But in just a matter of weeks this station will be teaming with thousands of passengers making use of the new east-west connection. Each train is 200m long - almost twice as long as a normal Tube train - and designed to carry 1,500 people. Walk-through carriages similar to those on the London Overground trains and higher ceilings provide even more space. There is also none of the screeching and clattering synonymous with many of the older, deep Tube lines. The extra space combined with low noise levels makes for a very pleasant travelling experience, not something most regular Underground travellers would be familiar with.


Source: Jordan Marshall

Crossrail's Bond Street station eastbound platform in March 2022

There are, of course, reminders everywhere that this is actually all a practice run. One is the pristine condition of the trains and stations - that surely will not last. Another is when we pull into Bond Street station and see, while we stop very briefly, that the progress of work at this station is still behind the rest of the line. Wild confirms that is the case, saying it will hopefully be open by late summer - August or September - three months behind the rest of the central route. But he says this is not as bad as it could have been given at one stage the station had been more than 18 months behind the rest of the project.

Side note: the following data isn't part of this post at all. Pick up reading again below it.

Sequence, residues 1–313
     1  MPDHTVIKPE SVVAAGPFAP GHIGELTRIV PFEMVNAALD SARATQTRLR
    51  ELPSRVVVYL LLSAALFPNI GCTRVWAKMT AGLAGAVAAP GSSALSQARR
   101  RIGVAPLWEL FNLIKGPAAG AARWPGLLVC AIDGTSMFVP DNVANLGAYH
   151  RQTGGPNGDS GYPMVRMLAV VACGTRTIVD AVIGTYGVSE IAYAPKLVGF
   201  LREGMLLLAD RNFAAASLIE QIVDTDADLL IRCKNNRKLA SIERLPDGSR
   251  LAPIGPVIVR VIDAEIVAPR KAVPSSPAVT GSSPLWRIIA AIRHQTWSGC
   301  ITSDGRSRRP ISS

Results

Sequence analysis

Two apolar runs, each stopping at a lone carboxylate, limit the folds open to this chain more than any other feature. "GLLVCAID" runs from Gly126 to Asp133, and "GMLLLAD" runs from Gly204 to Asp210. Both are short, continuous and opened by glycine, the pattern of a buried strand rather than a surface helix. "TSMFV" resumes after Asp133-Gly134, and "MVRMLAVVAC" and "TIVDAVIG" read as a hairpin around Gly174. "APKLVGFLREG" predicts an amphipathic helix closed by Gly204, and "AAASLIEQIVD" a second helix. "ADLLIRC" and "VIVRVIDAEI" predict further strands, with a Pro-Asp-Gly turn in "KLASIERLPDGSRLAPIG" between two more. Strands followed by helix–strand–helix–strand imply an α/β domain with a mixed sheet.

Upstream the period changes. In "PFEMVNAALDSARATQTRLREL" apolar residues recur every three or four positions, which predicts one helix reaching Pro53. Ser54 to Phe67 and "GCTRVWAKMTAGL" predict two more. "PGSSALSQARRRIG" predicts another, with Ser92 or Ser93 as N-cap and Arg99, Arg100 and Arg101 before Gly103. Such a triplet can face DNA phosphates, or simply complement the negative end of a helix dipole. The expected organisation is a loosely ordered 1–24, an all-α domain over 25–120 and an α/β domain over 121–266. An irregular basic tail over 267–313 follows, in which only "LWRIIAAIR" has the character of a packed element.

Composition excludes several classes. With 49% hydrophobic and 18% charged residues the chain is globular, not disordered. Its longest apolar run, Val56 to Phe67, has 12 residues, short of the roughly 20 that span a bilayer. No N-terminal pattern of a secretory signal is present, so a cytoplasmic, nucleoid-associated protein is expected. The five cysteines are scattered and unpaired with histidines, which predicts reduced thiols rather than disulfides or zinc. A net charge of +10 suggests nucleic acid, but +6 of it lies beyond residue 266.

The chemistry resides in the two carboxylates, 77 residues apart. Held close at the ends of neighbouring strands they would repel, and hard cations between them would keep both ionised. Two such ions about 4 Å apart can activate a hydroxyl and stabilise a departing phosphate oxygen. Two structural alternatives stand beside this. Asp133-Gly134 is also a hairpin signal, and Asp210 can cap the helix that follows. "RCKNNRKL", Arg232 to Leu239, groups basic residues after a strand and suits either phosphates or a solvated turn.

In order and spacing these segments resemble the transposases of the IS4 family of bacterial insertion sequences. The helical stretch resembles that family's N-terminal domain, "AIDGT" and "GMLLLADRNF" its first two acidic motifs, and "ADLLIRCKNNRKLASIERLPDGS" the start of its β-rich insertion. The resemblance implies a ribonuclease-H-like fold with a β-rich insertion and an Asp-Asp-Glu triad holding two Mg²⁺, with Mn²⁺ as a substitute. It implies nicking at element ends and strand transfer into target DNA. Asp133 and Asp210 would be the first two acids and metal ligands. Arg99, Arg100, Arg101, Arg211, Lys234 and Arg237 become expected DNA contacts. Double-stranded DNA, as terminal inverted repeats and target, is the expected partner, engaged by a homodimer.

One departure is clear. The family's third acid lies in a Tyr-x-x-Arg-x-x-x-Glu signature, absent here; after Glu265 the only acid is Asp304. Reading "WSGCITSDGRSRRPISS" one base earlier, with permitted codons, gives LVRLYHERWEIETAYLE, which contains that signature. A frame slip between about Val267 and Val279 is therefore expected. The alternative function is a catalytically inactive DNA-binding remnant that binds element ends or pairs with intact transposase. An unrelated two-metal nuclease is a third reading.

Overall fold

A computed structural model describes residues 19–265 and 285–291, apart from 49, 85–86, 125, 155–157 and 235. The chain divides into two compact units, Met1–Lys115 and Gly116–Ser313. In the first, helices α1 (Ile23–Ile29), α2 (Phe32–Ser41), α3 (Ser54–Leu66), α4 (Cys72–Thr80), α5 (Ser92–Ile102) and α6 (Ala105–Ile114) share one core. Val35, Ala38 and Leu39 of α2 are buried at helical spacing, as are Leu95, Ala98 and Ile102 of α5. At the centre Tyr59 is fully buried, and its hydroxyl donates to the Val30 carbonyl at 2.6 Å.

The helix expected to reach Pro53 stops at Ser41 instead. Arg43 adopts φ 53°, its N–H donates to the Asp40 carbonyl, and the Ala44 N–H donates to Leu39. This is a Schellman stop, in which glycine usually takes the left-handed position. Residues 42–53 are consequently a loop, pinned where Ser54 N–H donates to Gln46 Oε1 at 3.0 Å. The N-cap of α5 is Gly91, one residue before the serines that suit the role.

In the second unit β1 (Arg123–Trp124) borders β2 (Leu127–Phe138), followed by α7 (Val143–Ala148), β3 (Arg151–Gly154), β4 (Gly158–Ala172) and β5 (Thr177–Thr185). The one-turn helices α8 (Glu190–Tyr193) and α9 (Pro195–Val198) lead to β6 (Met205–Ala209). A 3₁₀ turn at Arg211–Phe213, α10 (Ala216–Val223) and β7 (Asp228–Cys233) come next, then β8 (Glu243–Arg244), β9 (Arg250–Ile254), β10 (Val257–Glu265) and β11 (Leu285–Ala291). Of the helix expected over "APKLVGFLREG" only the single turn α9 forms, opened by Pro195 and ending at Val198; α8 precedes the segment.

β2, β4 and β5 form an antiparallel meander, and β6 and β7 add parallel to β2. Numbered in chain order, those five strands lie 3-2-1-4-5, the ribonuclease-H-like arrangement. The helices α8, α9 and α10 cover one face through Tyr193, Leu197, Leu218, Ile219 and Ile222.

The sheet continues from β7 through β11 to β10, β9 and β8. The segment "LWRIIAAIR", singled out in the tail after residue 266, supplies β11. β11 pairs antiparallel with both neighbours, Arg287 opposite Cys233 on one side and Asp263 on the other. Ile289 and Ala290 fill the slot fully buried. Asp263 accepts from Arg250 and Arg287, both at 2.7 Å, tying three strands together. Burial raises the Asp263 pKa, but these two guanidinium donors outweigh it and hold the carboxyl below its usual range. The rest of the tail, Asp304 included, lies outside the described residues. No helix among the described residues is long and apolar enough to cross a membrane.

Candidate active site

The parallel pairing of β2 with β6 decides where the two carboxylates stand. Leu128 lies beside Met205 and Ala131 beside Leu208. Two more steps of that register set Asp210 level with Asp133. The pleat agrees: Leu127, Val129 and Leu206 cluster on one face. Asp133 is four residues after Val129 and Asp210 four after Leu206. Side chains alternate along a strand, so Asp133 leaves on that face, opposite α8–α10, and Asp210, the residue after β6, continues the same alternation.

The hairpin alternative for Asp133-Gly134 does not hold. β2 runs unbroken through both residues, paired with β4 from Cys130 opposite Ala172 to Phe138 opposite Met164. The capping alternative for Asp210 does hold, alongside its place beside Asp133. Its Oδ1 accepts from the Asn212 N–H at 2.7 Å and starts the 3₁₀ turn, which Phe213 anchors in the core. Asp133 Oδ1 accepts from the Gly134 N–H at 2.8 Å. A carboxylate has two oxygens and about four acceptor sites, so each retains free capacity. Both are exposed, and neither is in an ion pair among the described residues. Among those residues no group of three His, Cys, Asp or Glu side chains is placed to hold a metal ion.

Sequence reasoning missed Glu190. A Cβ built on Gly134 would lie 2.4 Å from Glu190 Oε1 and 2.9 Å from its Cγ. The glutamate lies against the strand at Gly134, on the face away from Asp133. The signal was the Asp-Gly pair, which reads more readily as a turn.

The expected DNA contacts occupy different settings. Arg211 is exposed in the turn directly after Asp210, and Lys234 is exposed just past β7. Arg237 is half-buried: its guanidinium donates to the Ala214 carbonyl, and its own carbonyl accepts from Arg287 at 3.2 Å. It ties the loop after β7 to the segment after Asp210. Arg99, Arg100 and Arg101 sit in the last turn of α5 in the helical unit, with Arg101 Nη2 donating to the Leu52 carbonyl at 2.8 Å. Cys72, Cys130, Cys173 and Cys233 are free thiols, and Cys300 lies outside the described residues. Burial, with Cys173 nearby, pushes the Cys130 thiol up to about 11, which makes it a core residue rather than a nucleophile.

Crossrail in numbers

  • The approximate total cost of project to date is £18.6bn.  
  • From end-to-end the Elizabeth line will be more than 100km long.
  • The project includes 10,000 fire doors, which can withstand temperatures of up to 3,000°C for two hours.
  • It will serve 41 stations including 10 new stations at Paddington, Bond Street, Tottenham Court Road, Farringdon, Liverpool Street, Whitechapel, Canary Wharf, Custom House, Woolwich and Abbey Wood.
  • Over 130 million working hours have been completed on the Crossrail project so far.
  • It will increase central London rail capacity by 10%.
  • It will bring 1.5 million more people within a 45 minutes commute of major employment centres in the West End, the City and Canary Wharf (up from 5 million currently).
  • It is now 1,196 days since the original projected completion date (as at 18 March 2022).